Lincolnwood Place redecorates
Residents Fay Waldman and Evelyn Goldenberg lounge in the new seating area of the recently-revamped Lincolnwood Place. | Natasha Wasinski~For Sun-Times Media
Updated: August 13, 2012 1:39PM
A recent redecoration of Lincolnwood Place modernized its common areas with fresh hues, new furniture and extra amenities.
The updated front entryway, lounge areas and dining rooms impressed local officials and guests who attended a June 28 ceremony to celebrate the senior retirement community’s new look.
Some residents, on the other hand, said the changes are nothing to gush about.
They thought the center was fine just the way it was.
“I was really happy with the community before and I didn’t think it was necessary to have some of these new renovations,” said Gert Zis, a six-year Lincolnwood Place resident.
She said while the lighting is better and the carpeting is an improvement, some of the aesthetic appeal of center had been lost.
Zis and others said they particularly miss a large marble fountain that greeted visitors near the front entrance.
The space was revamped into a sitting area with an elaborate chandelier dangling from above.
“They took something away when they took that fountain,” Zis said. “It was something lovely to look at.”
“And there’s nothing now.”
Executive Director Regina Umanskiy agreed that the independent living center’s interior was in good shape before the recent redecoration. That’s why she prefers to call it a “facelift.”
“We wanted to have a greater look and be attractive to Baby Boomers and older adults looking for places to retire,” she said. “It’s a good way to run a business when you constantly invest money in your product.”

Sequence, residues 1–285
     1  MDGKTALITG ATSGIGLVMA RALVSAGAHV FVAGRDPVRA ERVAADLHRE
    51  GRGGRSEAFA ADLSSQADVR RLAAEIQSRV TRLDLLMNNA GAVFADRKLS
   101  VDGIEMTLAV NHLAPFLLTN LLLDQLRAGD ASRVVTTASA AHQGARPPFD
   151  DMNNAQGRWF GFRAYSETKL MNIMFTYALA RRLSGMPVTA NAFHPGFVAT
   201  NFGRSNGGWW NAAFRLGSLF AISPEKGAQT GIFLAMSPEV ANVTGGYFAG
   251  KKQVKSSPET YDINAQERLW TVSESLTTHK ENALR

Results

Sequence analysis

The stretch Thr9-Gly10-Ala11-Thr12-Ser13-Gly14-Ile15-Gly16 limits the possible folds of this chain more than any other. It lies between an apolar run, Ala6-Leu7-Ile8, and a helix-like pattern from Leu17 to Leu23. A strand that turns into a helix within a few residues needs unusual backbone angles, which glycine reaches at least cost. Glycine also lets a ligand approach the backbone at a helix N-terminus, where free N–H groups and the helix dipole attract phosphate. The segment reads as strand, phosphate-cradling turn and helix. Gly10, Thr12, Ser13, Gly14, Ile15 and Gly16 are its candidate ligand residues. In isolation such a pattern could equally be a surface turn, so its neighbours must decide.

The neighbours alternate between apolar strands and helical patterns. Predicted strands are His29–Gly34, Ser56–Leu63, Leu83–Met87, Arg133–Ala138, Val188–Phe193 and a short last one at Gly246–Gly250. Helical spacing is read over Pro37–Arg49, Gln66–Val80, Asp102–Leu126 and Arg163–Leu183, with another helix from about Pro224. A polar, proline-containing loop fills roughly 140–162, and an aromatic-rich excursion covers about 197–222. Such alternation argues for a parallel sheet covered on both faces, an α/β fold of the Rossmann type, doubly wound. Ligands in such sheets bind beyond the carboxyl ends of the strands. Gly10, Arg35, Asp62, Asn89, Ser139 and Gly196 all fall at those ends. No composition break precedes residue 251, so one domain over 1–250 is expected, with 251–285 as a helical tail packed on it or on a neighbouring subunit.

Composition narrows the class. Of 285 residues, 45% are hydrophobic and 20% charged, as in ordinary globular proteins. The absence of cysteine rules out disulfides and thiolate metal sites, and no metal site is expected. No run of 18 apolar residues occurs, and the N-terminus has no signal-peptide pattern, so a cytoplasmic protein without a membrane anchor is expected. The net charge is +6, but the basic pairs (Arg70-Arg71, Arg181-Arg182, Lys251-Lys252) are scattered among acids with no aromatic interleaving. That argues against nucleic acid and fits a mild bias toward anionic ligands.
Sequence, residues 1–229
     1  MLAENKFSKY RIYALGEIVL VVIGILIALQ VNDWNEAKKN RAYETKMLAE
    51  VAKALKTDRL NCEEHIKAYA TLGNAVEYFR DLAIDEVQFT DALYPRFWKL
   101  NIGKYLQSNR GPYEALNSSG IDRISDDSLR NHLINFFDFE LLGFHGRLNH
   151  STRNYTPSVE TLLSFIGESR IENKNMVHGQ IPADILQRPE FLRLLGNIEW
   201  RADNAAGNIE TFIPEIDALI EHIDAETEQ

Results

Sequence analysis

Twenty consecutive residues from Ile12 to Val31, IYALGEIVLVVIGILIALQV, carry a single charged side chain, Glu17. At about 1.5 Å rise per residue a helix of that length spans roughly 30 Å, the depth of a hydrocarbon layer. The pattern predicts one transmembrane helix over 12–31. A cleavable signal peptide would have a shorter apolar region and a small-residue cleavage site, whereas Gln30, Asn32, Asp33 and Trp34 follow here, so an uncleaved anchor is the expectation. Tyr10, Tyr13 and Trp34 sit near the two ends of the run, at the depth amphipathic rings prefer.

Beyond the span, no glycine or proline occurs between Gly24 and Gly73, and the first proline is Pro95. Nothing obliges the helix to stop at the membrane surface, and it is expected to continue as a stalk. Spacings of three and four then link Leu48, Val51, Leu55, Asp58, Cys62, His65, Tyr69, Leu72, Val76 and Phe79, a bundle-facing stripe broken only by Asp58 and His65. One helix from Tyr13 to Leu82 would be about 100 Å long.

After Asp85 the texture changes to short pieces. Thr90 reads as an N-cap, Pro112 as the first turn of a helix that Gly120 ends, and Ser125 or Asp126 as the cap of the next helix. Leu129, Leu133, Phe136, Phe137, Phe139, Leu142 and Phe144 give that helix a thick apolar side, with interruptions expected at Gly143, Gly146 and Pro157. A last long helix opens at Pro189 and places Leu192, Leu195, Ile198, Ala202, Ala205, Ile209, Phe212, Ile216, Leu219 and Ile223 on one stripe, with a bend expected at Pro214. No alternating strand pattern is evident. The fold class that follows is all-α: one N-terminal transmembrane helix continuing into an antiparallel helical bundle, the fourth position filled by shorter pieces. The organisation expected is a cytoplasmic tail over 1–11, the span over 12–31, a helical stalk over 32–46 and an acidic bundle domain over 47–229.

The four-month-long, half-million-dollar renovation is the retirement community’s largest capital improvement project since it debuted in November 1991.
The last major remodeling occurred in 2010 in the center’s skilled nursing and rehabilitation services areas when new carpeting, furniture and flat-screen TVs were installed, according to Umanskiy.
Funding for both projects came from Lincolnwood Place owner Senior Lifestyle Corporation.
The Chicago-based, for-profit company manages 46 other senior communities in 19 states across the U.S.
A professional designer employed by the corporation developed Lincolnwood Place’s remodeling plans.
Therein lies part of the problem, a few residents allege.
“It wasn’t designed by seniors,” said Myra Kaye, president of the Lincolnwood Place residents’ council.
She attended the ribbon-cutting ceremony with her husband, Marty, who described the changes as “menza menza.”
Kaye said extra seating in the common areas was a positive change but that the plush furniture is not very senior-friendly.
Some of the community’s elderly and physically weak residents have difficulty getting up from the chairs and couches, she said.
Umanskiy said the designer, who is highly-experienced in the retirement business, took into consideration the special needs of seniors.
“She chose products that historically work well in (this type of) facility,” she said. “It’s not like decorating your own apartment of house.”
Plus, planning documents included justification for employing each of the furnishings, she said.
And while residents weren’t the decision-makers in the design work, center staff had attempted gauge their opinions, Umanskiy said.
For example, residents were able to test the different chair options before purchase and weigh in on the proposed color scheme.
But with nearly 250 people, it’s hard to please everyone’s taste.
“Everything comes down to personal style,” said Umanskiy.
A reluctance towards change is also likely a factor in some occupants’ indifference.
Fay Waldan, who chatted with a Lincolnwood Place neighbor in the new sitting area the past Tuesday afternoon, said the common areas were “nice” before the revamping but acknowledged things cannot always stay the same.
“Everything in life is change,” explained Waldman. “When you get old, you don’t like too many changes.”